Kerslake commission releases interim report on London’s housing crisis


Average house prices in London are now 10 times the average salary, with homebuyers needing a deposit of more than £70,000. This picture of the capital’s housing market is contained in the new interim report from the London Housing Commission.

The report says that in the last 10 years the proportion of households who own their home with a mortgage has fallen from 39% to 27% and that house prices are now 44% above pre-crisis levels. Meanwhile rents continue to outstrip earnings with weekly pay increasing by 2% in the last five years while rents have grown by 16%.

While London needs to build 500,000 houses over the next 10 years, in the last decade only 194,000 new homes have been built. By 2030 1.5m more people need to be housed, with the need for housing growing by 50-60,000 households a year. This contrasts with the new supply of homes last year in London of just 26,000, says the report.

The interim report, published by think tank IPPR, sets out the challenges facing policymakers and housebuilders across London. Looking at a cross section of submissions from the call for evidence the report identifies the key priorities for the commission’s final report, which will be published in March.

The interim report also notes:

  • 50,000 households are living in temporary accommodation – including 78,000 children
  • Only 28% of London land is developed and less than 10% of London land is used for homes
  • Local planning departments across England have seen an average reduction in budgets of 40%
  • London boroughs in the 1970s used to build more than half of London’s homes – last year they built 280
  • Public investment for new homes has fallen by some 60% per home between 2011-2015.

The commission will bring forward a strategy for the next mayor of London, including proposals to:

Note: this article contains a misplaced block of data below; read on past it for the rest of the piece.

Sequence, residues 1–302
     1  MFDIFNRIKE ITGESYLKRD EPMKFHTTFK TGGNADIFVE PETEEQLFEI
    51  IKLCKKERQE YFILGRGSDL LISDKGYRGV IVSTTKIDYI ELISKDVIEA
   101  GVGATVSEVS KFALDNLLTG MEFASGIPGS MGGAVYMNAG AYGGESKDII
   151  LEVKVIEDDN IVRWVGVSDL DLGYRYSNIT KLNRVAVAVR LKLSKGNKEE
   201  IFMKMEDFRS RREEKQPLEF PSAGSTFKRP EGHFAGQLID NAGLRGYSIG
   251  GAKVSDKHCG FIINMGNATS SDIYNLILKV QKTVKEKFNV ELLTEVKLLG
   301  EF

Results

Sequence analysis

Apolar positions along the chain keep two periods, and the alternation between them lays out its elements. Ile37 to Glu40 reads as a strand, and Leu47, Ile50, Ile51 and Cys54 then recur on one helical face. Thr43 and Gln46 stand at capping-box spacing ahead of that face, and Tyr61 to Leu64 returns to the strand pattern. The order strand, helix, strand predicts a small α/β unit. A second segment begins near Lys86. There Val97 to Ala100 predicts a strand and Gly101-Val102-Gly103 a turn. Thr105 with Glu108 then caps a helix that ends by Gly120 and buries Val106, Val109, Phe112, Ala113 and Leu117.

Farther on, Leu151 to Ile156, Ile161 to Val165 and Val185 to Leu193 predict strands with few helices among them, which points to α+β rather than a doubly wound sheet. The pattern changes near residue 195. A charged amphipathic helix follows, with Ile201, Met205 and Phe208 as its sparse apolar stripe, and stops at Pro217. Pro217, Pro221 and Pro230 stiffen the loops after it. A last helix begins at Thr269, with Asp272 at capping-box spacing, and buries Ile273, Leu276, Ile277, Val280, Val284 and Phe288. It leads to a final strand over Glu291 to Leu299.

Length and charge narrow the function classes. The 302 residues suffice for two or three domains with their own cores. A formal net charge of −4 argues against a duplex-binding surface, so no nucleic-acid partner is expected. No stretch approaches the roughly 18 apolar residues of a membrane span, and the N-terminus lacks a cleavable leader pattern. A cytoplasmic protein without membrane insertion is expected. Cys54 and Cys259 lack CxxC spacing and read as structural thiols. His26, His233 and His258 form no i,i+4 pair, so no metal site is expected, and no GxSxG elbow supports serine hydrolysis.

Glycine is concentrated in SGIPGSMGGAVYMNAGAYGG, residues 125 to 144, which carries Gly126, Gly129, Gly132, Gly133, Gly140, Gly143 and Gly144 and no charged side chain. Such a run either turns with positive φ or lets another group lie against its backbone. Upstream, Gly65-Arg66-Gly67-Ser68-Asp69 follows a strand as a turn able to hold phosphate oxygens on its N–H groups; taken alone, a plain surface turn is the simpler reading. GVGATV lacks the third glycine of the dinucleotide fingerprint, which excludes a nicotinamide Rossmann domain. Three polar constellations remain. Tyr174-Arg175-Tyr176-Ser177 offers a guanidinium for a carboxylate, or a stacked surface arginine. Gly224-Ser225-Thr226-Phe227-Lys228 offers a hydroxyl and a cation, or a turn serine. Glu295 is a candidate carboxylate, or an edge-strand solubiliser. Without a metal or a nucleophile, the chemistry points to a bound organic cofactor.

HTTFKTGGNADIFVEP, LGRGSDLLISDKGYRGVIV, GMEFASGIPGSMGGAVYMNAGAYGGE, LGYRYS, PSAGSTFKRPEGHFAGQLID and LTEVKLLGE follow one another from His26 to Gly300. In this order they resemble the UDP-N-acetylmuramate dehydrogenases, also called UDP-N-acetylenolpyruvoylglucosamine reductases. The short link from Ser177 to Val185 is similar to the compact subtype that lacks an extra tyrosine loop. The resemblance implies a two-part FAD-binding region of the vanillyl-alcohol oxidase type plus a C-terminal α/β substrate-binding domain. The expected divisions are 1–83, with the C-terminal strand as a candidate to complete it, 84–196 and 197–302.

• Identify and release more land for the next London Plan
  • Strengthen planning capacity and efficiency
  • Increase building on large, stalled sites
  • Unlock capacity across the whole development industry
  • Provide stable and long-term investment for affordable housing
  • Improve housing quality in the private rented sector, and lengthen tenancies in order to stabilise rents.

Lord Bob Kerslake, chair of London Housing Commission said: “Make no mistake – the capital is in the midst of a housing crisis but it’s of a different order to any housing crisis London has experienced in the past. Decent housing and the idea of home ownership is becoming more and more out of reach of ordinary Londoners.

“As the London Housing Commission heard in the many responses to our recent call for evidence, businesses are being detrimentally affected, as current and potential employees are priced out of taking work in the capital; public services are struggling to recruit, and low-income households are being forced out of the city by rising rents and frozen entitlements. In short, the social and economic fabric of the city is being damaged by our dysfunctional housing market.

“These issues are not insurmountable; they can be fixed. But there is no silver bullet, no single initiative, that will do it.”

The report, Capital failure – understanding the roots of London’s housing crisis, is available here.

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